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Home > News and Publications > Summary of Quarterly Bulletin 2009 Q3

Summary of Quarterly Bulletin 2009 Q3

21 September 2009


Each article is available as a separate pdf file; click on the appropriate title to access the relevant file. Alternatively you may download the complete issue (4.6mb).

Recent economic and financial developments
Markets and operations (1.9mb)
This article reviews developments in global financial markets since the 2009 Q2 Quarterly Bulletin up to end-August 2009. The article also reviews the Bank's official operations.

Research and analysis
Research work published by the Bank is intended to contribute to debate, and does not necessarily reflect the views of the Bank or of MPC members.

Global imbalances and the financial crisis (902k)
By Mark Astley, Julia Giese, Michael Hume and Chris Kubelec of the Bank's Monetary Analysis Division.
The recent financial crisis has put the spotlight on the rapid rise in credit which preceded it and the macroeconomic context in which it developed. This article examines the contribution of international savings and investment imbalances to the crisis and how these imbalances have evolved since its onset, focusing on the UK experience as a deficit country over the past decade. It also briefly discusses some implications of the crisis for global imbalances over the medium term.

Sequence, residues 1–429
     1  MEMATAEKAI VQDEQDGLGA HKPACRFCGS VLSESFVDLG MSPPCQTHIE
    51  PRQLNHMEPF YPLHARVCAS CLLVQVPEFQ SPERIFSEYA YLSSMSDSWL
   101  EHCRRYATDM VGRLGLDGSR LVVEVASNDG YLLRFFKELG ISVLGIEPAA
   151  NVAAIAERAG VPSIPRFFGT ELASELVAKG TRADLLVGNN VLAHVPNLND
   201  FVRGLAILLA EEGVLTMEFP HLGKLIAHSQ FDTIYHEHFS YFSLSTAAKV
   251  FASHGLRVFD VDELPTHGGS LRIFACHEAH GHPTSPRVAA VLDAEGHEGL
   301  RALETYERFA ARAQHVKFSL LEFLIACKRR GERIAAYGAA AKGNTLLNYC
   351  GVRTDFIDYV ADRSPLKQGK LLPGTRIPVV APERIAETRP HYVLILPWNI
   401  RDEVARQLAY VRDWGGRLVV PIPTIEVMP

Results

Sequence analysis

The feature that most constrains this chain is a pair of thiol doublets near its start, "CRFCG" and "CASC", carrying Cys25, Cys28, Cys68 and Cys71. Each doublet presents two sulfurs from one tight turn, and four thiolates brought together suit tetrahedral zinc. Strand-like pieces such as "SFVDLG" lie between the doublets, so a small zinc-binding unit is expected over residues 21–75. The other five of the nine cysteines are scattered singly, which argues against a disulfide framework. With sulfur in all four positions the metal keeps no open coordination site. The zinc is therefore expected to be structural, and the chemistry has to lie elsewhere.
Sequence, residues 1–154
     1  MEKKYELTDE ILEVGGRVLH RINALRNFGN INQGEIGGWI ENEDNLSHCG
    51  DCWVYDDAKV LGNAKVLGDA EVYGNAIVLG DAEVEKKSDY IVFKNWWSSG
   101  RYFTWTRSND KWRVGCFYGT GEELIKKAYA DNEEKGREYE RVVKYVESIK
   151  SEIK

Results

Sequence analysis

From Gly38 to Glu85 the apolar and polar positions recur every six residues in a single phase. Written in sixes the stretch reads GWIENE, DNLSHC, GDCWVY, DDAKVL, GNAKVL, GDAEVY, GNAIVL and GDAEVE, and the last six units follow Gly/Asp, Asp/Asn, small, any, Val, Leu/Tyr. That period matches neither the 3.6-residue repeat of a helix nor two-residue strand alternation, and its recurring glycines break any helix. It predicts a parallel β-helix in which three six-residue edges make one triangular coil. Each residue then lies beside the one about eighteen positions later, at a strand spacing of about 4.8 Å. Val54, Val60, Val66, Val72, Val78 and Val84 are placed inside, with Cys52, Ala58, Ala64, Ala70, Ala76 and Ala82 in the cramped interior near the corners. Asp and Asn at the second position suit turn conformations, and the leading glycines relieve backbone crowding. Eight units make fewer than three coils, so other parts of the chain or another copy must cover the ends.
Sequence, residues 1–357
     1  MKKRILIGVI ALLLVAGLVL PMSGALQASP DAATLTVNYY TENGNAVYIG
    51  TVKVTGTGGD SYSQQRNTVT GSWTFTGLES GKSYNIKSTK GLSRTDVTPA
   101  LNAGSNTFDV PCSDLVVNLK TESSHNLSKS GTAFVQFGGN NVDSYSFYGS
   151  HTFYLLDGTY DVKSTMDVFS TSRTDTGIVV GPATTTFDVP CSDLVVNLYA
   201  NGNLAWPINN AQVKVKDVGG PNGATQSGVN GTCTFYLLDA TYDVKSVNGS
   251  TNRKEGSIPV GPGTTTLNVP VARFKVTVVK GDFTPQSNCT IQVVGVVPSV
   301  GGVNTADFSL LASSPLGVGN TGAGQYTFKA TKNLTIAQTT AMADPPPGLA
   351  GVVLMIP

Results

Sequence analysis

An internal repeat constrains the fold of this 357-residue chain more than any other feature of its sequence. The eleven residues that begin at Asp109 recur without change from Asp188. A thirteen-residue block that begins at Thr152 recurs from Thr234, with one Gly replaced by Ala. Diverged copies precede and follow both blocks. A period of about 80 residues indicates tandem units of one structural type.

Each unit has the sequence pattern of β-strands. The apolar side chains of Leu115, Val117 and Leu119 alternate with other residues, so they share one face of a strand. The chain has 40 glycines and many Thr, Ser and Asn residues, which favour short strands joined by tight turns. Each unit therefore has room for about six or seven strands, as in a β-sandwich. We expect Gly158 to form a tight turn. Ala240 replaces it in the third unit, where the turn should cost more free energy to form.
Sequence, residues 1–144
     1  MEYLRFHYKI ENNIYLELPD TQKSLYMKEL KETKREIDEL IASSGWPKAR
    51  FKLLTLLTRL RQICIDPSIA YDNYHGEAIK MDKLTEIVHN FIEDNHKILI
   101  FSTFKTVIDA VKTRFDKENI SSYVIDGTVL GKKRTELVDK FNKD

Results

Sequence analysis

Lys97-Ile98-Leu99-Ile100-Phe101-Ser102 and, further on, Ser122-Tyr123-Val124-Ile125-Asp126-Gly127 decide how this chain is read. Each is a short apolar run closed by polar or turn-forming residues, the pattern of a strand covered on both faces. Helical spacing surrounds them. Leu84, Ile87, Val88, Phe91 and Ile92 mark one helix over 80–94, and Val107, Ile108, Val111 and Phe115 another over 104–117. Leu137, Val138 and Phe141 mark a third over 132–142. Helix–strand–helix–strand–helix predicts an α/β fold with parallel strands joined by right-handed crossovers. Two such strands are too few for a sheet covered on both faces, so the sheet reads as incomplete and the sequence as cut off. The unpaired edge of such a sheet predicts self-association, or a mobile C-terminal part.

Household saving (716k)
By Stuart Berry and Richard Williams of the Bank's Structural Economic Analysis Division and Matthew Waldron of the Bank's Conjunctural Assessment and Projections Division.
Household decisions on whether to save or spend play a key role in the outlook for aggregate demand. A range of factors could help to explain the fall in the household saving ratio over the period 1995 to 2007. Declines in long-term real interest rates, looser credit conditions, rising asset values and greater macroeconomic stability are all likely to have reduced the incentive or the need to save. Lower household saving was also offset to some extent by higher corporate saving. Since 2007, the financial crisis and subsequent recession have unwound some of these factors and may continue to lead to a rise in household saving.

Interpreting recent movements in sterling (896k)
By Mark Astley and James Smith of the Bank's Monetary Instruments and Markets Division and Darren Pain of the Bank's Foreign Exchange Division.
The sterling effective exchange rate has depreciated significantly since the start of the financial market crisis in August 2007. Movements in sterling affect UK monetary policy via their potential impacts on CPI inflation prospects, where it is important to consider the reasons behind the change in the exchange rate. Sterling's movements potentially reflect a wide range of factors in the United Kingdom and overseas, in both the real economy and in financial markets. Indicative evidence suggests that sterling's depreciation reflected a combination of perceived changes to UK relative cyclical prospects, the perceived riskiness of UK assets and the apparent need for the UK economy to rebalance, the effects of which may have been amplified by financial market factors. But there is substantial uncertainty about the precise role of each factor.